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Semantics

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Semantics

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  1. Semantics Semantic Feature IS Categorization = CHUNKING = Cognitive Ability • Definition • Semantic/Cognitive Theories • Semantic Progression • Assessment • Word Classes Semantic Knowledge = WORLD & WORD KNOWLEDGE

  2. Semantics' origin • Etymology: Greek “semaino, ” to signify or mean • World knowledge refers to an individual’s autobiographical and experiential understanding and memory of particular events • Word knowledge contains word and symbol definitions

  3. First Word Characteristics • Progression: • Preverbal • PCF (phonetically Consistent Forms • Holophrases • Syllable Shape • one or two syllables • Syllable construction: CV, CVCV (reduplicated), CVCV, some VC constructions (up, eat) • Most frequent words name animals foods and toys • First word usually marks a specific object or event • Initial lexical growth is slow • Child may appear to plateau for short periods • At center of child’s lexical core is a small core of high-usage words

  4. Characteristics of First 50 wordsHolophrases- one word utterances • Nelson’s research • Grammatical Classification • Nominals 65%, • General 51% milk, car, dog • Specific 14% mima, “Tiger” • Action Words 14% give, do, up • Modifiers 9% , mine, no, dirty • Personal-Social 9%, no, please, more • Functional 4%, this, for

  5. Features f Adult Speech influencing A child’s Semantic development • When Western, middle class children are noticed attempting to say a word, parents engage them in naming games • parent points to and names specific object for child and then helps child say them • Names parents provide are typically superordinate categorical names • EXAMPLE:item: nickel- parent names it: money • names chosen follow basic level categories • similarities within categories are emphasized • most general level at which objects are similar because of form, function, or motion

  6. A Child’s Semantic StrategiesBootstrapping, Scaffolding, and Mapping EXPLAINS EXPONENTIAL INCREASES IN CHILD’S VOCABULARY • 1. Bootstrapping • definition: process of learning language in which the child uses what is known to decode more mature language • semantic bootstrapping-the analysis of syntax based on semantic structures previously acquired • Example: persons and things= nouns, actions=verbs, attributives=adjectives • syntactic bootstrapping-the use of syntactic structures to deduce word meaning • Both are complementary processes

  7. 2. Scaffolding • Scaffolding • definition: a supportive linguistic/communicative context supplied by a more mature language user to younger children • more mature language user MODELS and structures child’s learning experience to acquire new cognitive or linguistic skill/s • similar to Vygotsky’s Zone Of Proximal Development • based on Vygotsky’s language as social interaction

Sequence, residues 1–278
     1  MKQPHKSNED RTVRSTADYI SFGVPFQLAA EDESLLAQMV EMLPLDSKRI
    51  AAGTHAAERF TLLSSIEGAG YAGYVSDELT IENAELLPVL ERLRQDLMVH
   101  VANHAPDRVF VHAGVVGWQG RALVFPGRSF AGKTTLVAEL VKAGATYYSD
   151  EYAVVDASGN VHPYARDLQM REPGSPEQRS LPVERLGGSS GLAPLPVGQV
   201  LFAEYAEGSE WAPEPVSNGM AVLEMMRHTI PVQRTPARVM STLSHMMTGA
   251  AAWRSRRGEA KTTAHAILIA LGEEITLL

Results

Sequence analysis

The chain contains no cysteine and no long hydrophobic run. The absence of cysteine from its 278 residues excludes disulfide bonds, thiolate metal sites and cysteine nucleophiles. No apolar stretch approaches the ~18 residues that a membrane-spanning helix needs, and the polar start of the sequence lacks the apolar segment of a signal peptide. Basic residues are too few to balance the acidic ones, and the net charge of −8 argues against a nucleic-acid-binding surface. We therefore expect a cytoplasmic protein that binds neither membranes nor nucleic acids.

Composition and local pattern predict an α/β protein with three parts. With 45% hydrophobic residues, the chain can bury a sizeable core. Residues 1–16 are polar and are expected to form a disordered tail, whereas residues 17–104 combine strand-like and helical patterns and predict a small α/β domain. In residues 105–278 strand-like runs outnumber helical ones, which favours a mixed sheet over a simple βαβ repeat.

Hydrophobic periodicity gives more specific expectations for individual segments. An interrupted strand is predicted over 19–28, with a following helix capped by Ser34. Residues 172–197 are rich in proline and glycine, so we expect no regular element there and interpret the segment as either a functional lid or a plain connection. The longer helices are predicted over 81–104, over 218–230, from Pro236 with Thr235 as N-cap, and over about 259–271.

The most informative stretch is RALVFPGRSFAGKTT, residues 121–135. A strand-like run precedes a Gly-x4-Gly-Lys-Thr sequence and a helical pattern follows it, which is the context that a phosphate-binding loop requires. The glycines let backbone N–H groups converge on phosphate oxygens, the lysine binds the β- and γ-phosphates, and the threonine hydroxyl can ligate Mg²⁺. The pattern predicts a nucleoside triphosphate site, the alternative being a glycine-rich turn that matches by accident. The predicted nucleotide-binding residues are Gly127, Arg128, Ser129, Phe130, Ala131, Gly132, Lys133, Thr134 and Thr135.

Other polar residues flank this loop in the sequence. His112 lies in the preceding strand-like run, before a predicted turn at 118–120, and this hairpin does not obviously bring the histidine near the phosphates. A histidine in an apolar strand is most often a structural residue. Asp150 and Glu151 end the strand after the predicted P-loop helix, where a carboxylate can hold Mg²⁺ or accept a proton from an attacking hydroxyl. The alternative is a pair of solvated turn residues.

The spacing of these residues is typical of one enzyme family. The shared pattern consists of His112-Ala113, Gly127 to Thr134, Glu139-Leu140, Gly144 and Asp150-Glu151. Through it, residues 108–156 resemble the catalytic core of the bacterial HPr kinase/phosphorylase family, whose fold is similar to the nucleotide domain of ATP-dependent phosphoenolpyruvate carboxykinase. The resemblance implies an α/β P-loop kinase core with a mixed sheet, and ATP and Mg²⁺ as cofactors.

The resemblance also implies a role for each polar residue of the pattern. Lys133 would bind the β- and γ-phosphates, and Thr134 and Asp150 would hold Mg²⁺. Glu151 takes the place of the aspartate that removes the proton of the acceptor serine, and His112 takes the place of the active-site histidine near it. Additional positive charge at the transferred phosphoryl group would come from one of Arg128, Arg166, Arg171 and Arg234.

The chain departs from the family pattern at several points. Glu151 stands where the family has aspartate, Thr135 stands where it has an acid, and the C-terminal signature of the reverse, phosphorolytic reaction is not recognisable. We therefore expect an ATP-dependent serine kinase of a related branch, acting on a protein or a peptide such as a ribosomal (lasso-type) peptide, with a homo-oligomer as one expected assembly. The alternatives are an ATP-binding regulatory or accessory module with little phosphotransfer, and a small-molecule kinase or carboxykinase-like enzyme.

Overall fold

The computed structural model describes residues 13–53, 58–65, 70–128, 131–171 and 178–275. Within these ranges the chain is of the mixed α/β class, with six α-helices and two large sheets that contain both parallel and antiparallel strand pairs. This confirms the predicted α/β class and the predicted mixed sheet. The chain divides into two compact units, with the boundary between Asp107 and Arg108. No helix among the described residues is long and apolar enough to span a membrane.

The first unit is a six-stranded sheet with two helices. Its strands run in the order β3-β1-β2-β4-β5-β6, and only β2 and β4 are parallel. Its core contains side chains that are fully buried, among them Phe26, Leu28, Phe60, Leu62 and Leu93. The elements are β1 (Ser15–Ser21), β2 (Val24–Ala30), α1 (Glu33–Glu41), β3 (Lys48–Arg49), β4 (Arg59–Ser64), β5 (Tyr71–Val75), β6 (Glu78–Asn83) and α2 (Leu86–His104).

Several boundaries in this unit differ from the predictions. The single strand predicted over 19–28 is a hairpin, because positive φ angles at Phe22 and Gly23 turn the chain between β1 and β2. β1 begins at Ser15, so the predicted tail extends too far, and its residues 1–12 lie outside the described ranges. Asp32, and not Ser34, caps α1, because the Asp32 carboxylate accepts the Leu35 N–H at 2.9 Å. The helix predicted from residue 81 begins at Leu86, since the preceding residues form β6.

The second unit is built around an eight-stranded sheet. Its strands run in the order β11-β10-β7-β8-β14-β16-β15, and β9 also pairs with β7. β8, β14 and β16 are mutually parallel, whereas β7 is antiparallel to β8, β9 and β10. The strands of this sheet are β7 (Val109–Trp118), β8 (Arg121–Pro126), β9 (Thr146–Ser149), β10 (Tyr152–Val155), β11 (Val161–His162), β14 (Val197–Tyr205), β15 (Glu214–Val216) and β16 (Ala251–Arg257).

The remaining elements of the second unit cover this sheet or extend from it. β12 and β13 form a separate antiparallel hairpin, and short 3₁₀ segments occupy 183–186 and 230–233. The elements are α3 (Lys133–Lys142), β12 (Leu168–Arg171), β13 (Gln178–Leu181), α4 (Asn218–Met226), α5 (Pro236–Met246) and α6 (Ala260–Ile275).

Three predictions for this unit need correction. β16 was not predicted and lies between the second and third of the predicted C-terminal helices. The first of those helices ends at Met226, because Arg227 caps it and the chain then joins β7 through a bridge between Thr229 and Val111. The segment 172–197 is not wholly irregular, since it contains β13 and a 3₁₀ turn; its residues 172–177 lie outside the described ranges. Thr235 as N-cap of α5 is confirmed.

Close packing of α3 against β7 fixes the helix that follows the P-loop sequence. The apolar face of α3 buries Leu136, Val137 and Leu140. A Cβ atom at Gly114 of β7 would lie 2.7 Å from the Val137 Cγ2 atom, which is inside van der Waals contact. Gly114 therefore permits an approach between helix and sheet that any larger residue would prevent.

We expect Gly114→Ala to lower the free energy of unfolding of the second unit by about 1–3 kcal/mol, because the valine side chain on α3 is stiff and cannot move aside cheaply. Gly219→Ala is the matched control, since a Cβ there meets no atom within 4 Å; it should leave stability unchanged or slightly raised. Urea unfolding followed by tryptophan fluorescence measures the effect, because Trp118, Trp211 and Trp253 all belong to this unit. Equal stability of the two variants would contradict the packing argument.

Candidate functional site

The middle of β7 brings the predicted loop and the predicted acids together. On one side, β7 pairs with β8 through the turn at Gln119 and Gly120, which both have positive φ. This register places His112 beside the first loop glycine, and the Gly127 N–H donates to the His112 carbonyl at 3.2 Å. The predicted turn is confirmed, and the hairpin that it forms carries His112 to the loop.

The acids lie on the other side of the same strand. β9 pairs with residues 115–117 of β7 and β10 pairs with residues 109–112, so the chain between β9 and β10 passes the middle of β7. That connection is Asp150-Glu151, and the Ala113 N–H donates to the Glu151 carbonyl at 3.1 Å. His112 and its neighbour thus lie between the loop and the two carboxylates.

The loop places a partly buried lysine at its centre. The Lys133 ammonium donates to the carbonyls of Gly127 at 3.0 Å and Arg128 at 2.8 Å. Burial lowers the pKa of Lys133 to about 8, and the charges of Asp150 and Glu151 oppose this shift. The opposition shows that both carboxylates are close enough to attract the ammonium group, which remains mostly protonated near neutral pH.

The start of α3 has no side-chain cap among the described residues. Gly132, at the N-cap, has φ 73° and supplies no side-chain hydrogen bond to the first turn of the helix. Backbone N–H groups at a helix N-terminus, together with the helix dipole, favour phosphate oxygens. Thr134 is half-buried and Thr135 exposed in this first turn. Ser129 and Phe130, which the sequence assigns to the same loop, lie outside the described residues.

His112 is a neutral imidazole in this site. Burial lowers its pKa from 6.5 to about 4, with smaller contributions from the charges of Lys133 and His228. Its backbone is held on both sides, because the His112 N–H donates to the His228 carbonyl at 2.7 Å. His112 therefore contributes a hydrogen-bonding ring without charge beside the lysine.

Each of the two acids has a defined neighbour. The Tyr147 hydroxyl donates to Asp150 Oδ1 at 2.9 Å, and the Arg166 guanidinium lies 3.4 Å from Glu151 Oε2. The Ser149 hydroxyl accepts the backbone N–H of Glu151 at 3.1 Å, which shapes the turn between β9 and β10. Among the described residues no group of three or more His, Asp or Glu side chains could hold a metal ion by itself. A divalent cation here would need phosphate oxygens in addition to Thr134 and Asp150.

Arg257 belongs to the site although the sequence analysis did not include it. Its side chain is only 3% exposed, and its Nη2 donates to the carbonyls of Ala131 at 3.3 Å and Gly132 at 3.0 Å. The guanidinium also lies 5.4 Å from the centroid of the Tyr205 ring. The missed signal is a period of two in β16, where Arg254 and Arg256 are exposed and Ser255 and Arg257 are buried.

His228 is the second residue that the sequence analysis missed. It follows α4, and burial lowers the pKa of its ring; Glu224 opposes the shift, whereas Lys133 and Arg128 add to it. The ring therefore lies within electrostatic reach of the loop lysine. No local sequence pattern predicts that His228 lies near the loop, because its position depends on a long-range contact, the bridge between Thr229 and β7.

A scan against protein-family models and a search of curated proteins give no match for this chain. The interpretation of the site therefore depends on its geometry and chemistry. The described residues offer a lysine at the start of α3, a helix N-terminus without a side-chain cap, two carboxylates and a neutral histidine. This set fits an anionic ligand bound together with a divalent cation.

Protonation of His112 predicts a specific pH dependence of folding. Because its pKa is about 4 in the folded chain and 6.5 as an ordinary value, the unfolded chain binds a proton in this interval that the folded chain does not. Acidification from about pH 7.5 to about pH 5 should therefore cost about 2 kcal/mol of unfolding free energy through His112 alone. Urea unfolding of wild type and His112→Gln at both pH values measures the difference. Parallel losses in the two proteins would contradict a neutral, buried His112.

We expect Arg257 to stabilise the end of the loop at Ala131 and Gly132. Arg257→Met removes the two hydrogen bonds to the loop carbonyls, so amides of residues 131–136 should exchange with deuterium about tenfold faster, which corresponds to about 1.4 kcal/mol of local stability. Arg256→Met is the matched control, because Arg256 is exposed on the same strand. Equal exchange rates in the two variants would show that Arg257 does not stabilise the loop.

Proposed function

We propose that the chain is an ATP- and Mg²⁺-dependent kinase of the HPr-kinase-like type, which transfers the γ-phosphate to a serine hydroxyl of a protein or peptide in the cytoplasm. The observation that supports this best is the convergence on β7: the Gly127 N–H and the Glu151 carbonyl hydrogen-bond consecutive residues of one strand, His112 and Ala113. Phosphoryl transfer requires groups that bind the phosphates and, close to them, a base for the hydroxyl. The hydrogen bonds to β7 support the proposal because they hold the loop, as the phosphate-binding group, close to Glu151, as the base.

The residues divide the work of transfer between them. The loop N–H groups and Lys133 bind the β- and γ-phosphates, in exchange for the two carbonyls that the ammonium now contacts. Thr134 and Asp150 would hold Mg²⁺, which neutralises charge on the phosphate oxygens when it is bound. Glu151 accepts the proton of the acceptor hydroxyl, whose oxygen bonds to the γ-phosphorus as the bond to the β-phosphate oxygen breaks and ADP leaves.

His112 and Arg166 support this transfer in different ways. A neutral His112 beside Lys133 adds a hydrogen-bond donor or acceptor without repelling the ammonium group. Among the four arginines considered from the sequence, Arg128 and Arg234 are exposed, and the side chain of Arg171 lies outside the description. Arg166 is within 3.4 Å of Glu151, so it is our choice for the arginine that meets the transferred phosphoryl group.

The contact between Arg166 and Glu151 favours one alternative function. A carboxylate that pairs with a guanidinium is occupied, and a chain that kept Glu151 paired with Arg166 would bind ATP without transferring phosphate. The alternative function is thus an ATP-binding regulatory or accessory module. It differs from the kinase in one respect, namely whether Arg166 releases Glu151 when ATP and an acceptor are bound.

8. 3. Mapping • Fast Mapping • definition: the child’s ability to form an initial hypothesis about a word’s meaning quickly, after hearing the word once or twice. • Child uses bootstrapping strategies • Child uses scaffolding strategies • helps explain why children exposed to larger amounts of adult input develop larger, richer vocabularies than children exposed to more limited input

  9. Semantics/Cognitive Theories • 1. Initial Lexicon Acquisition • 1. Prototypic • 2. Functional Core • 3. Semantic Feature • 2. Lexical Use • 1. Underextension • 2. Overextension • 3. Isomorphic

  10. Prototypic • Who: Bowerman • What: underlying concept includes a central reference. Highly specific • ‘Best Fit’ Criterion • Tenants: • 1. initial protoypes vary across children, reflecting different experiences • 2 concepts are modified as a result of experience, • Adaptation? • 3. Word’s referent is grouped with other referents having similar features • 4“Holistic inclusion” • Pro/Con • 2. Functional Core

  11. Functional Core • Who:Nelson • What:Concept formation begins with the formation of a functional-core meaning • Tenants • Child begins to name objects that embody a high degree of movement or that can be manipulated • Corresponds to Piaget’s notion of ‘learning through exploration’ • Describes entities use in relation to other entities • Uses dynamic perceptual features and logical features/acts • Pro/Con

  12. Semantic Feature • Who: Eve Clark • What: all referents can be defined by a universal set of semantic features • Tenants: • definable features are the attributes of the referent: size, shape, movement, color, taste, smell, hearing, etc. • shape is the most salient of the perceptual features • color is not particularly important to young children • Pro/Con: • Con • fails to explain the holistic nature of meaning • fails to discriminate between features to determine the most relevant • can’t explain non-object concepts such as more, all gone, up • Pro • strategies more mature language learners utilize • assessment item: categories